The exciting prospects of AI advancement cast a grim shadow on the future of formal jobs in the Caribbean & Latin America
BRIDGETOWN, BARBADOS — The rise of artificial intelligence (AI) could potentially result in fewer formal jobs in the Caribbean, which in turn could cause job informality to skyrocket and leave thousands of people more vulnerable to external shocks.
This is the concern raised by the United Nations Economic Commission for Latin America and the Caribbean (ECLAC) in a recent report in which it highlighted a need for the region’s decision-makers to take care to avoid this outcome.
“New concerns are emerging over the impact of technological progress on the labour market and the risk of increased informality,” said the ECLAC in its recent report, “Halfway to 2030 in Latin America and the Caribbean: progress and recommendations for acceleration.”
“This could result from the destruction of formal jobs in traditional sectors, insufficient creation of formal jobs in new sectors or the emergence of new jobs based on skills that most workers do not necessarily possess.”
Job informality is already at a dangerously high level in the region on the heels of the COVID-19 pandemic.
Significant improvements in job formality had been steady up until 2020, when the pandemic’s impact on tourism caused thousands of workers to lose their jobs.
This development, and efforts to reverse it, emphasize the urgency in ensuring formal jobs in the Caribbean are secured.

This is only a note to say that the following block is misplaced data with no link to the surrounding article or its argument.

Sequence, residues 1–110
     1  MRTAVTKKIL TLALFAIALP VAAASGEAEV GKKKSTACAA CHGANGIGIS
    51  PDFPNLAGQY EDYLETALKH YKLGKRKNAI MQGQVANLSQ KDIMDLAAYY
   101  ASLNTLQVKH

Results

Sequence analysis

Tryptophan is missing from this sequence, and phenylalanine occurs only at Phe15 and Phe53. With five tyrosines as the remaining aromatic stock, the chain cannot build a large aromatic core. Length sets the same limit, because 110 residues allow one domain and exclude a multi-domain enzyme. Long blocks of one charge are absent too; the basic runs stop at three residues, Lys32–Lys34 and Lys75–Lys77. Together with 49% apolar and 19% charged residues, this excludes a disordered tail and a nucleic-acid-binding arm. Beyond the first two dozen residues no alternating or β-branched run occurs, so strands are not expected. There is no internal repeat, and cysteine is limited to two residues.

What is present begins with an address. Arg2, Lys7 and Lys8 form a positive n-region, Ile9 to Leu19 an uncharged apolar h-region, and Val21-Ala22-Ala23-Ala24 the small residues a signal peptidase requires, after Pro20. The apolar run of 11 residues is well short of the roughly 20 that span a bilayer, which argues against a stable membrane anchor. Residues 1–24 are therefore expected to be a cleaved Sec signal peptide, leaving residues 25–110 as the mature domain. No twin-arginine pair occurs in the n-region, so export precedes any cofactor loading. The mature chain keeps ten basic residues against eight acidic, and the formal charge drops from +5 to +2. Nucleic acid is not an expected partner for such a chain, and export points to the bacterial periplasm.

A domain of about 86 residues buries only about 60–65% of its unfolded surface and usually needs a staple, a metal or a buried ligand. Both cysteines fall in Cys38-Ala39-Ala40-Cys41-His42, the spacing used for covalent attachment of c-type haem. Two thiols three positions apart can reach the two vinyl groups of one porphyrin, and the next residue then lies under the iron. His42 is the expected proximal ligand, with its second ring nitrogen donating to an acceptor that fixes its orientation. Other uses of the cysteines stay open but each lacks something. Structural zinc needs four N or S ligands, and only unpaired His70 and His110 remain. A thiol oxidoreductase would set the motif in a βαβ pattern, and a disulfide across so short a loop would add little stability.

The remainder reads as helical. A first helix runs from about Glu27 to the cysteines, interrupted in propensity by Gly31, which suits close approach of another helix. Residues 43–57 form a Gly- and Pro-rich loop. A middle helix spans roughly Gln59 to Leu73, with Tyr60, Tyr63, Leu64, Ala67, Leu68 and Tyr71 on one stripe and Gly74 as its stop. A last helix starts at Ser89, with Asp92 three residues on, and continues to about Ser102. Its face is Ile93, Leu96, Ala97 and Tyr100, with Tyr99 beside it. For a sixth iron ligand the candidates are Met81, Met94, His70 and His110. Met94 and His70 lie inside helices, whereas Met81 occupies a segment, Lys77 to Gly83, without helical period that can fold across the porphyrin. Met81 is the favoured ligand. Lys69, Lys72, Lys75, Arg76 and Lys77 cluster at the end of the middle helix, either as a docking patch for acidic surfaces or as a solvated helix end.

Increases in digital work can spell trouble for Caribbean jobs
The ECLAC noted that an increase in digital jobs is already challenging the Caribbean labour market in terms of the availability of jobs.
“The growing prevalence of work mediated by digital platforms has created major challenges to achieving decent employment, owing to job insecurity, low pay and underemployment,” the report noted.
This projection can be especially concerning for the services industry, such as business process outsourcing (BPO), which is a major source of employment in Jamaica.
Likewise, businesses that rely on the global digital economy are also at risk, with the ECLAC noting a marked increase in such businesses following the pandemic.
If such jobs are replaced by AI, as many tech experts around the world believe they could be, it could mean thousands of job losses in the Caribbean.
However, the UN organization acknowledged that there is “great potential” for modern, digital services in LAC.
As such, its concerns about AI came with stringent caution.
“It is very important to ensure that the creation of skills and new jobs outpaces the destruction of jobs owing to technological change,” the ECLAC noted.
“To this end, training policies and private job creation policies must find coordination and consensus mechanisms.”
Find the latest jobs in the Caribbean via Caribbean Employment Services Inc.